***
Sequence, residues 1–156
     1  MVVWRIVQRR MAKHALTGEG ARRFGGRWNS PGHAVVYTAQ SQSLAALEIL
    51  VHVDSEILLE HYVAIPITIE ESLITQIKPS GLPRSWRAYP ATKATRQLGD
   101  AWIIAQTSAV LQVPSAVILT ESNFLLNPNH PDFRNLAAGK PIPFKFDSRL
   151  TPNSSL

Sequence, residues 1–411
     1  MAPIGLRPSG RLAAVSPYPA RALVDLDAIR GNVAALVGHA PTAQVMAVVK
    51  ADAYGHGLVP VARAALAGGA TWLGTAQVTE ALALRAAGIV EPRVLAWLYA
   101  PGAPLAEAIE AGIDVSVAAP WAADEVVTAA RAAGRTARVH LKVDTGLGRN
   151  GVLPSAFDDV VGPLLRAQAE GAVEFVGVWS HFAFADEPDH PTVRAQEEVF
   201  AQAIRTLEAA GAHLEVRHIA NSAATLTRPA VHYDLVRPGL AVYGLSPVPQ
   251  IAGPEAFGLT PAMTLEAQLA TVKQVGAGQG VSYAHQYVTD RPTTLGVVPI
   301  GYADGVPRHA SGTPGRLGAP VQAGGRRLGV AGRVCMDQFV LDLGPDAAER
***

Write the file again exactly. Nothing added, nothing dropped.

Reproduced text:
Sequence, residues 1–156
     1  MVVWRIVQRR MAKHALTGEG ARRFGGRWNS PGHAVVYTAQ SQSLAALEIL
    51  VHVDSEILLE HYVAIPITIE ESLITQIKPS GLPRSWRAYP ATKATRQLGD
   101  AWIIAQTSAV LQVPSAVILT ESNFLLNPNH PDFRNLAAGK PIPFKFDSRL
   151  TPNSSL

Sequence, residues 1–411
     1  MAPIGLRPSG RLAAVSPYPA RALVDLDAIR GNVAALVGHA PTAQVMAVVK
    51  ADAYGHGLVP VARAALAGGA TWLGTAQVTE ALALRAAGIV EPRVLAWLYA
   101  PGAPLAEAIE AGIDVSVAAP WAADEVVTAA RAAGRTARVH LKVDTGLGRN
   151  GVLPSAFDDV VGPLLRAQAE GAVEFVGVWS HFAFADEPDH PTVRAQEEVF
   201  AQAIRTLEAA GAHLEVRHIA NSAATLTRPA VHYDLVRPGL AVYGLSPVPQ
   251  IAGPEAFGLT PAMTLEAQLA TVKQVGAGQG VSYAHQYVTD RPTTLGVVPI
   301  GYADGVPRHA SGTPGRLGAP VQAGGRRLGV AGRVCMDQFV LDLGPDAAER